The epicenter of our tourism economy and home to the states busiest beaches, Waikiki is visited by thousands daily. Although a beach sweeper comes through to clean the beaches, much is still missed and we plan to help out by bringing a small army of people as we sweep across Waikiki along with a team at Ala Wai Harbor to clean.

Plan is to meet at Kapiolani Park where we will check in starting at 9AM and visit the educational booths. Buses will begin departing at 9:30AM to multiple locations with pick up locations for the tired or time short volunteers. The most beastly of beastly volunteers will walk the duration of Waikiki.

Currently in the planning stages, more will be added to this event. Please save the date for Sustainable Coastlines Hawaii’s Waikiki Summer Cleanup Festival.

Shark Study Helps Explain Higher Incidence of Encounters Off Maui

A spike in shark bites off Maui in 2012 and 2013 prompted the Dept. of Land and Natural Resources (DLNR), with additional support and funding from the Pacific Islands Ocean Observing System (PacIOOS), to commission a two-year-long study of shark spatial behavior on Maui.  The research was conducted by a team from the University of Hawaii’s Institute of Marine Biology (HIMB).

shark bites in maui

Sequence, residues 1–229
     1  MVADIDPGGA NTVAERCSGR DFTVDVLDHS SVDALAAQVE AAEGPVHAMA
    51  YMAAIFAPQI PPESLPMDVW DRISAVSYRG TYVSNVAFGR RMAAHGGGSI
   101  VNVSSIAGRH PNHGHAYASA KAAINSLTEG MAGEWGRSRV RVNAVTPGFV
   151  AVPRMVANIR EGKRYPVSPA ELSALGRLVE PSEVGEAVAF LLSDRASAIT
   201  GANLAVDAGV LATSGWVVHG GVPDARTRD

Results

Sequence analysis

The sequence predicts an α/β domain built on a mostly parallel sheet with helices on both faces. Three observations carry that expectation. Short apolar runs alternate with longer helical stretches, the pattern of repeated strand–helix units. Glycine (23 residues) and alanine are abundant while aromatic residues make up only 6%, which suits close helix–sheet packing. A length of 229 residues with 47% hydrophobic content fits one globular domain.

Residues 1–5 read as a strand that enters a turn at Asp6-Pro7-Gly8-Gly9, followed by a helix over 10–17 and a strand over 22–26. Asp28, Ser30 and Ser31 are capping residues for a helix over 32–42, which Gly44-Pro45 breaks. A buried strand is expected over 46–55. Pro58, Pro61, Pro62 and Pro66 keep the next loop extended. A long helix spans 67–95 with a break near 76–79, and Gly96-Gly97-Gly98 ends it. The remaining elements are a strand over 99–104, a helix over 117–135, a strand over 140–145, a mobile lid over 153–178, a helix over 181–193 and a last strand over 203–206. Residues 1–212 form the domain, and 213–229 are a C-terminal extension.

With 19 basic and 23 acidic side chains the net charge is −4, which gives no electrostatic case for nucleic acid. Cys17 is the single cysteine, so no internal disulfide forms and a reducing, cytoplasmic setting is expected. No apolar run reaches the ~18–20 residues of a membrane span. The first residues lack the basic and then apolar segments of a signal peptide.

Dr. Carl Meyer, principle investigator for the study, explained that the Maui Nui complex, consisting of Maui, Molokai, Lanai, and Kahoolawe, has more preferred tiger shark habitat than all other main Hawaiian Islands combined.  According to Dr. Meyer, “Tiger sharks captured around Maui spend most of their time on the extensive Maui Nui insular shelf, which is also an attractive habitat for tiger sharks arriving from elsewhere in Hawaii.  The insular shelf extends offshore from the shoreline to depths of 200 meters (600 feet), and is home to a wide variety of tiger shark prey.”

Although tiger shark movement patterns revealed by the latest study are generally similar to those seen in previous studies, the larger area of shelf habitat around Maui may be able to support more tiger sharks than other main Hawaiian Islands.  In addition, the most frequently-visited areas by tiger sharks around Maui include waters adjacent to popular ocean recreation sites.